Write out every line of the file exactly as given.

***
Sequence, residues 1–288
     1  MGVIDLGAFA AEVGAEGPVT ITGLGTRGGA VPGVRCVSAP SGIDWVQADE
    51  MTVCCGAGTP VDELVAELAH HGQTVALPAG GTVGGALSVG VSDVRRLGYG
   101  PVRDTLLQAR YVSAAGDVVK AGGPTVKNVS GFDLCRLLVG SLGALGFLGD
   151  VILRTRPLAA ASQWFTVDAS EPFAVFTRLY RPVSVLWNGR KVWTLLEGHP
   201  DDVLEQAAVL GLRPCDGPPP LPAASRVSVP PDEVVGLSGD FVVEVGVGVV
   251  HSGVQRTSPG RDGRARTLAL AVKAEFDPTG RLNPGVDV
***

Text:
Sequence, residues 1–288
     1  MGVIDLGAFA AEVGAEGPVT ITGLGTRGGA VPGVRCVSAP SGIDWVQADE
    51  MTVCCGAGTP VDELVAELAH HGQTVALPAG GTVGGALSVG VSDVRRLGYG
   101  PVRDTLLQAR YVSAAGDVVK AGGPTVKNVS GFDLCRLLVG SLGALGFLGD
   151  VILRTRPLAA ASQWFTVDAS EPFAVFTRLY RPVSVLWNGR KVWTLLEGHP
   201  DDVLEQAAVL GLRPCDGPPP LPAASRVSVP PDEVVGLSGD FVVEVGVGVV
   251  HSGVQRTSPG RDGRARTLAL AVKAEFDPTG RLNPGVDV